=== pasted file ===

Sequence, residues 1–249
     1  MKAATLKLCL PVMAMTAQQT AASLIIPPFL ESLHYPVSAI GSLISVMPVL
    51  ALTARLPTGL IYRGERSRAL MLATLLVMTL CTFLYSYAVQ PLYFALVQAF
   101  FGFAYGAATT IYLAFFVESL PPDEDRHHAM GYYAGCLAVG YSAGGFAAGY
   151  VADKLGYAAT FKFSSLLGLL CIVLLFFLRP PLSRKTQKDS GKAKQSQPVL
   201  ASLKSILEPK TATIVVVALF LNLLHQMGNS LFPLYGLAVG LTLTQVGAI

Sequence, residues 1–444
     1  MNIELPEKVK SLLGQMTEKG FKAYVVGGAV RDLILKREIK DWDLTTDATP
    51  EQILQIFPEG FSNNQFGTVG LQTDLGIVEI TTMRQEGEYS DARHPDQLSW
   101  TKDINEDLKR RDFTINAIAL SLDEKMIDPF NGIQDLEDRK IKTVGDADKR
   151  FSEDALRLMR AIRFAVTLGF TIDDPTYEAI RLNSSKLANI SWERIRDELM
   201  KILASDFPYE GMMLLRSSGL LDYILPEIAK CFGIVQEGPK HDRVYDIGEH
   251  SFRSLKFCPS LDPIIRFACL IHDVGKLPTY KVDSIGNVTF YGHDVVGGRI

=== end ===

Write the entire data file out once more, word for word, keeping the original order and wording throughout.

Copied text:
Sequence, residues 1–249
     1  MKAATLKLCL PVMAMTAQQT AASLIIPPFL ESLHYPVSAI GSLISVMPVL
    51  ALTARLPTGL IYRGERSRAL MLATLLVMTL CTFLYSYAVQ PLYFALVQAF
   101  FGFAYGAATT IYLAFFVESL PPDEDRHHAM GYYAGCLAVG YSAGGFAAGY
   151  VADKLGYAAT FKFSSLLGLL CIVLLFFLRP PLSRKTQKDS GKAKQSQPVL
   201  ASLKSILEPK TATIVVVALF LNLLHQMGNS LFPLYGLAVG LTLTQVGAI

Sequence, residues 1–444
     1  MNIELPEKVK SLLGQMTEKG FKAYVVGGAV RDLILKREIK DWDLTTDATP
    51  EQILQIFPEG FSNNQFGTVG LQTDLGIVEI TTMRQEGEYS DARHPDQLSW
   101  TKDINEDLKR RDFTINAIAL SLDEKMIDPF NGIQDLEDRK IKTVGDADKR
   151  FSEDALRLMR AIRFAVTLGF TIDDPTYEAI RLNSSKLANI SWERIRDELM
   201  KILASDFPYE GMMLLRSSGL LDYILPEIAK CFGIVQEGPK HDRVYDIGEH
   251  SFRSLKFCPS LDPIIRFACL IHDVGKLPTY KVDSIGNVTF YGHDVVGGRI